BWW Reviews: The Dream Works at STREAMWERKZ: THE MUSICAL

BWW Reviews: The Dream Works at STREAMWERKZ: THE MUSICAL

On the surface, a musical set in a popular Chicago gay bathhouse might appear to be an unlikely setting for a musical. Yet, much like another Chicago-born musical “Urinetown,” “Steamwerkz: The Musical” manages to serve up a fairly satisfying –dare I say traditional- musical despite its rather unique setting.

Directed at a fast pace by Clay Goodpasture with musical direction by Tara Trudel, the show is a modern reinvention of the classic “Alice In Wonderland” tale. New to Chicago, Nebraska farmboy Al (John Loos) is no sooner lamenting to his best straight gal pal (Jason Geis) of his lack of fitting in at any of the various Boystown bars and clubs when his eyes lock with his personal white rabbit, the tall, dark and handsome Stephen Stephan (Rob Anderson). Al follows Stephen down the proverbial rabbit hole into Steamworks (the alternate spelling of the title predates the Chicago spa’s coming on board as an unofficial sponsor of the show).

Once inside this magical gay wonderland, Al encounters Twinkie Dee and Twinkie Dum (the equally hilarious Zach Zimmerman and Chris Kervick), the bathhouse’s towel boys and unofficial tour guides. Along with the ever-grinning Chester (Andy Eninger), Dee and Dum quickly give Al the “Lay of the Land” with a tune that lays out the rules of the club in an amusing fashion. Al receives further advice by the show’s catapillar, an ex-military man named Dewayne (Ben Kramer). Wonderland’s smoke haze is replaced here with the steam of the sauna.

Before long, Al has found his object of affection, but there is of course one hitch. Stephen is attached the club’s queen of hearts, the King of Steam (Geis as less a queen of hearts than sea urchin from “The Little Mermaid” ). The King has eyes and ears throughout the club which makes the consummation of Al and Stephen’s love a precarious affair. After all, no one wants to lose their head.

Loos looks and acts the part of a fish-out-of-water farmboy quite well. He did have some trouble finding the pitch in several of the first act songs, though. Anderson managed to carry much of the show with perfect pitch and comic timing.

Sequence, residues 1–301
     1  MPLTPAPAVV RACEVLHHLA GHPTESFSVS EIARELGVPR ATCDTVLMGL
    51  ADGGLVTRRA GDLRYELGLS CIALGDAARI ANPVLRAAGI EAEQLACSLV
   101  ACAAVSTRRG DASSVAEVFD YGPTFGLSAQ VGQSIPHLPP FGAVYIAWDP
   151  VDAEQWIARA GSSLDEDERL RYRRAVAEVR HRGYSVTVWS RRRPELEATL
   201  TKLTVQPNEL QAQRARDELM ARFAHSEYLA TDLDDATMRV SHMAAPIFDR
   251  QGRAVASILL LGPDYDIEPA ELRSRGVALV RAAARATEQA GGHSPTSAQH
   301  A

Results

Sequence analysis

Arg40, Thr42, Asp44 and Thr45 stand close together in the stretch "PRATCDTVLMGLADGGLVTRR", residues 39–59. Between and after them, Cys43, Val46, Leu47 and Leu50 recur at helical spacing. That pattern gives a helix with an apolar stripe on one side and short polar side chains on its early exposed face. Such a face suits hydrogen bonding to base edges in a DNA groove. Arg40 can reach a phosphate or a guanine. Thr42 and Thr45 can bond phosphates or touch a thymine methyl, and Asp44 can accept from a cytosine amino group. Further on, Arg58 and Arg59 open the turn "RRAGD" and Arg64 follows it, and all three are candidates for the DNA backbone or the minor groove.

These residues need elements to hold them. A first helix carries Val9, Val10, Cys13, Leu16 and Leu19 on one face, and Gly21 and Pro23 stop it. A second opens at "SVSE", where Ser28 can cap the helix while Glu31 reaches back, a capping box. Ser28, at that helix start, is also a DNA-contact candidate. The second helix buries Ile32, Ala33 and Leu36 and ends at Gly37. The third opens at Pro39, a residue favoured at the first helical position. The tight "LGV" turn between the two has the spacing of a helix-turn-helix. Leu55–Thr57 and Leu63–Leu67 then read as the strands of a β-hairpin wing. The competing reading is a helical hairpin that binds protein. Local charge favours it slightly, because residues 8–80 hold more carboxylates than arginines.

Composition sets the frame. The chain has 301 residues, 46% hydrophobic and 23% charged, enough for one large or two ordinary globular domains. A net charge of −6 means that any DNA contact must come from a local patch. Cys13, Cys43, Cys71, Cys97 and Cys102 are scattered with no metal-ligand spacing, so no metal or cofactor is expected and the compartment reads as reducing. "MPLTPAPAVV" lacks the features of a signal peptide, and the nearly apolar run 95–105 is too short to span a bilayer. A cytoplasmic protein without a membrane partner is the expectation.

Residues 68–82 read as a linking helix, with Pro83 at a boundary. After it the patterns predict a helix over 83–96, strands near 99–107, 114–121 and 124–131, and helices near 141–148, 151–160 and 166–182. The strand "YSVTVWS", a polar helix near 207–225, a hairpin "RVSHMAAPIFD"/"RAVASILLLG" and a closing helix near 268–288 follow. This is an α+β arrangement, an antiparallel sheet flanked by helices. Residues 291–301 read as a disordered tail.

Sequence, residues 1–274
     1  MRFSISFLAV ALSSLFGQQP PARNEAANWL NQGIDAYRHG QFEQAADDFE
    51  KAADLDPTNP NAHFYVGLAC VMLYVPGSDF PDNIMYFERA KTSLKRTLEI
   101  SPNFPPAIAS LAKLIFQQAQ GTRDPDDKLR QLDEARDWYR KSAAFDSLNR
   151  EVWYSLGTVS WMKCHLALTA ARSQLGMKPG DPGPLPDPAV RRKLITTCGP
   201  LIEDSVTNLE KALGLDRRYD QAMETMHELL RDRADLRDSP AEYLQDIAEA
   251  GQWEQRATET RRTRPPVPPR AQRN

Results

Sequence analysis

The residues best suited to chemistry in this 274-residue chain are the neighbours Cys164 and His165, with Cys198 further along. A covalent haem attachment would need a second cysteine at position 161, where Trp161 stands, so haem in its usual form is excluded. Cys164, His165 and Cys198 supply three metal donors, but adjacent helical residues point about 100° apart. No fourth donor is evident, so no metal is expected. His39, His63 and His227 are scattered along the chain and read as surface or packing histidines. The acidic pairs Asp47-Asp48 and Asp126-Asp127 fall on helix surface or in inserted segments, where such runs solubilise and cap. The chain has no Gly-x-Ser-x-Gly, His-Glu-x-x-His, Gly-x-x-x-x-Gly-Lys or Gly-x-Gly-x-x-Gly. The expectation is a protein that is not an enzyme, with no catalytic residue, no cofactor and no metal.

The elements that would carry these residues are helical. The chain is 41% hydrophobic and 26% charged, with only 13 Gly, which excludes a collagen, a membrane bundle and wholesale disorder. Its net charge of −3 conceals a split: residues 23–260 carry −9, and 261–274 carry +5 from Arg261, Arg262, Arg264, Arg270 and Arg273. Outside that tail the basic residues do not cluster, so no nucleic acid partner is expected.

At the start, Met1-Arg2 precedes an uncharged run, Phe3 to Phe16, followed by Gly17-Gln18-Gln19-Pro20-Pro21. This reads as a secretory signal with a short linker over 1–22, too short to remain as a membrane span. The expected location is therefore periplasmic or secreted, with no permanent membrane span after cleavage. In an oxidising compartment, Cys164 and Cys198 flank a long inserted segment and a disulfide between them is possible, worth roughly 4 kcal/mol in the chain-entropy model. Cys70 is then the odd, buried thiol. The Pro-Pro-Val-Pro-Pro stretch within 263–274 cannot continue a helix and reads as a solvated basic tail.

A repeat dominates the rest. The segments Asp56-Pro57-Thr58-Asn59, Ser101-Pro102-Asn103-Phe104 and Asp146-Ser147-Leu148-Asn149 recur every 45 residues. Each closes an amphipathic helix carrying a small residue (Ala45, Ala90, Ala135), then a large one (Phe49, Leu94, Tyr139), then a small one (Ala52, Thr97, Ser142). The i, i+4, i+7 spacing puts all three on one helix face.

With its composite of various melodies, the first act ended “Fall Into the Hole” is reminiscent of “One Day More” from“Les Miserable.” Another first-act number includes a chorus of towel-clad tap dancers (albeit with bare feet; no one wears tap shoes to a bathhouse).

At the core of the show (and why it works as a musical in a traditional sense) is the fact that most of the characters are seeking love, but settling for less. That, along with the show’s climactic number “Happy Endings” are the fodder of universal truths in musical theater.

The show could benefit from the addition of harmonies (far too many of the ensemble songs are unison) and a lead actor capable of singing them. For the most part, “Steamwerkz: The Musical” delivers enough eye candy and laughs to make it worth falling into the hole, though.

“Steamwerkz: The Musical” runs Fridays at 10 p.m. through Aug. 31 at the Annoyance Theatre, 4830 N. Broadway. Tickets, $20. Call (773) 561-4665. www.theannoyance.com.

 

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Misha Davenport Misha Davenport is a Chicago-based freelance writer, blogger, critic and singer. He studied playwriting at Michigan State University under the late Arthur Athanason. He has been covering theater in the Windy City for more than a decade at the Chicago Sun-Times and currently as a contributor to BroadwayWorld.com. He sits on the board of the not-for-profit arts group Chicago Gay Men's Chorus and resides in Rogers Park, just steps away from the emerging theater district located there. He is a fierce advocate and lover of live theater from shows in 50-seat storefronts to big Broadway blockbusters.


 
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